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Move away from Suffolk? Not likely, says Tony Redman

PUBLISHED: 11:30 02 September 2014 | UPDATED: 11:30 02 September 2014

 
	Taken at Bealings, Suffolk. Saw a field which was like a blanket of red, was beautiful. Couldn't not take a photo!

Taken at Bealings, Suffolk. Saw a field which was like a blanket of red, was beautiful. Couldn't not take a photo!

(c) copyright citizenside.com

Our recent ruby wedding prompted an exploration into the memory drawer in the chest in our bedroom.

Among programmes for long forgotten theatrical performances, embarrassing old photographs of friends and vaguely remembered holidays, lay the letters I wrote to my girlfriend all those years ago before she became my wife.

“I have just spent a day in Suffolk with Uncle, who asked me if I could ever see myself earning a living in Bury St Edmunds and living in the village where his cottage is,” one of them said. “I wondered why anybody like me would ever want to move into this boring county with a dead church at its dead centre full of old people I can not understand . . . so I said I thought I could.”

I was 21 then and wondered how I would ever manage to do anything with my life, let alone up sticks from suburban London and move to, well, another pile of much older sticks in rural Suffolk. In suburbia my friends and I used to send messages on string telephones from neighbour to neighbour across the concrete yards, the houses being that close you could hear your neighbours arguing and making up through the party walls. The cottage my uncle was referring to was hardly overlooked and had something called fields all round it. Several years later we married and moved in and my love affair with Suffolk began and has continued ever since.

I have always been intrigued by what makes anybody want to move or settle into any particular area, unless they have roots or family living close by. What do they look for? Is it the house itself or the proximity to work? I suppose for some it will be the life of the community and the availability of local amenities. For others the opposite, the ability to be isolated and anonymous.

I was fascinated by that classic work of social anthropology Akenfield, by Ronald Blythe, which through a series of interviews sought to build a picture of a typical rural community. It happened to be in Suffolk, the county Ronald knows so well, but I suppose it might have been written about anywhere. I saw the much acclaimed film of it made by Peter Hall, also Suffolk bred.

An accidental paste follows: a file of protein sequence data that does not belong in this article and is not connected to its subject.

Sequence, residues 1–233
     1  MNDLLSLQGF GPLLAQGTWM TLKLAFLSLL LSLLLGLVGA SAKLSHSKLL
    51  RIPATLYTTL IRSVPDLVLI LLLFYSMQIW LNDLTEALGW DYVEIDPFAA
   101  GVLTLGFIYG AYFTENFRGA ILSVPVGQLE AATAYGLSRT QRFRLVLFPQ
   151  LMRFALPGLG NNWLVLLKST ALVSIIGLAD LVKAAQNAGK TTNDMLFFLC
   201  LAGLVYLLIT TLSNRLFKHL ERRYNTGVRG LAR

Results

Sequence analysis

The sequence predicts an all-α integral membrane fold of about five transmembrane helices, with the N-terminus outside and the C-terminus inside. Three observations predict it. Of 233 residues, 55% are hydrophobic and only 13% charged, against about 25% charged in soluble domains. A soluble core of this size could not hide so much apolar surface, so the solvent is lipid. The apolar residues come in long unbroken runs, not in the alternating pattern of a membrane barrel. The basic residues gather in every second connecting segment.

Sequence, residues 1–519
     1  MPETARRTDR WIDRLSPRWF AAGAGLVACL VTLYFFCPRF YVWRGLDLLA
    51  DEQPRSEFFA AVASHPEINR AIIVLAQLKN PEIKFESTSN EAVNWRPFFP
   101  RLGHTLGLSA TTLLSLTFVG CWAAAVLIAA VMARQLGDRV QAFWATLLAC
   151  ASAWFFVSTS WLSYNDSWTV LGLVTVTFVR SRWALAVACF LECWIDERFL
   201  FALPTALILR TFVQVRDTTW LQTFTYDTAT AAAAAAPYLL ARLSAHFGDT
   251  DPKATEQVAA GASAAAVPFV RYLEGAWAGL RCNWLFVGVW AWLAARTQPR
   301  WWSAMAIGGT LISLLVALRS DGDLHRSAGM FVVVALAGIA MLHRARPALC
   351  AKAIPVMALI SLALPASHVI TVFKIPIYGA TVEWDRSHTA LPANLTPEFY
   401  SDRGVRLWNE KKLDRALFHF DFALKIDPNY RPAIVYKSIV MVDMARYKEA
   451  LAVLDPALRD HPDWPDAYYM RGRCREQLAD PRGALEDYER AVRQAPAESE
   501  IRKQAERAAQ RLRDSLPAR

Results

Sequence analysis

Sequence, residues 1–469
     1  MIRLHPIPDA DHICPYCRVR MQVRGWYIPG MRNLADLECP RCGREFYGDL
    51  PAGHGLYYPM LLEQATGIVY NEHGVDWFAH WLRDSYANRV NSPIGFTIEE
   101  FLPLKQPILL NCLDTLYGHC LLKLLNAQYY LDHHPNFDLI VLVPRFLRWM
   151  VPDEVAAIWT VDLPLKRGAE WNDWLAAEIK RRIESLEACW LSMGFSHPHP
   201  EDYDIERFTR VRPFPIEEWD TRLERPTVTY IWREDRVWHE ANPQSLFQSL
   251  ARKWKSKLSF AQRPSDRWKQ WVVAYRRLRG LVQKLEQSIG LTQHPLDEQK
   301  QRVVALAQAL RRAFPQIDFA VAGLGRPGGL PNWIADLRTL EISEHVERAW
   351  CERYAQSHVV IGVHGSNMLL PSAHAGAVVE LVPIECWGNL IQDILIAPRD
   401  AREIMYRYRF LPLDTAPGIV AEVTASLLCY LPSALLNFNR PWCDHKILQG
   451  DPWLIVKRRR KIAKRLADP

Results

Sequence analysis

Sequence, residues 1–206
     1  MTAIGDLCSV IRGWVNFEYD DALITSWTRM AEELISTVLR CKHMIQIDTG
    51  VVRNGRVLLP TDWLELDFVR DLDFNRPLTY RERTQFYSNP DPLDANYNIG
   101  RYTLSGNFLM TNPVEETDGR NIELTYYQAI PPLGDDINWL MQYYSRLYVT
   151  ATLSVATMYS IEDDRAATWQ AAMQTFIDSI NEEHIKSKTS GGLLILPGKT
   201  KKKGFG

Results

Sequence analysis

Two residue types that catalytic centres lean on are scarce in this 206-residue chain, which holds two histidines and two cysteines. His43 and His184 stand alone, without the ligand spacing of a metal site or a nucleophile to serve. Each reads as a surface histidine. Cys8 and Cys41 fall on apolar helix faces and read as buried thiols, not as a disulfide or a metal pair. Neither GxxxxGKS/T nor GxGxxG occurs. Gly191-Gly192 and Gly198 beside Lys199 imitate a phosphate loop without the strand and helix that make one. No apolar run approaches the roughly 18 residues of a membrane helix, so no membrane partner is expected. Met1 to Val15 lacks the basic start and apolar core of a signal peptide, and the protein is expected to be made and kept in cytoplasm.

Assuming it was a work of fiction, extraordinarily well crafted, but fictitious in the way Wordsworth eulogised about the Lake District, it added immensely to my love of this county.

But time and time again I come across characters from its pages in the villages I visit as part of my work. Although less common than in the 1960s when it was written, they are still there, salt of the earth and woven into the very warp and weft of what makes this place so special.

Recently I visited somewhere to look at a building. Two residents met me. The first was a lady, dressed in crisp summer linen with a straw hat bedecked in summer flowers. Her colleague was straight from the farm and in his working clothes, with a face the colour and texture of a well oiled walnut and a mouth full of teeth that appeared to be rejects from somebody else.

Judging by her accent the lady had probably moved into the village in recent years and he probably had not moved out all his life. Together they painted a picture of what I think is quintessentially Suffolk – something about acceptance and about rootedness.

This reminded me of a conversation I had with some friends and neighbours about 20 years ago. One of them, born in the 1960s, had not travelled out of the county until she was 18, and then only as far as London by coach. Her parents, Suffolk born and bred and living in a market town, did not own a car. Railway travel was an unknown quantity and air travel something she had only read about, assuming it was the realm of film stars and pop groups.

Another was a game keeper, born and bred in the same village. I asked him how far he had travelled. He answered that Bury St Edmunds was as far as he had ever been in his life. He caught the bus there three times a year to have his hair cut.

I asked them both if they ever missed travelling. From both came the same reply – why would anyone ever want to move away from here? Such characters are no longer typical, life has moved on and so have aspirations for travel and the ability to do so.

But 50 years since I was first given the opportunity to move here, I am beginning to understand why folk might find it difficult to move away.

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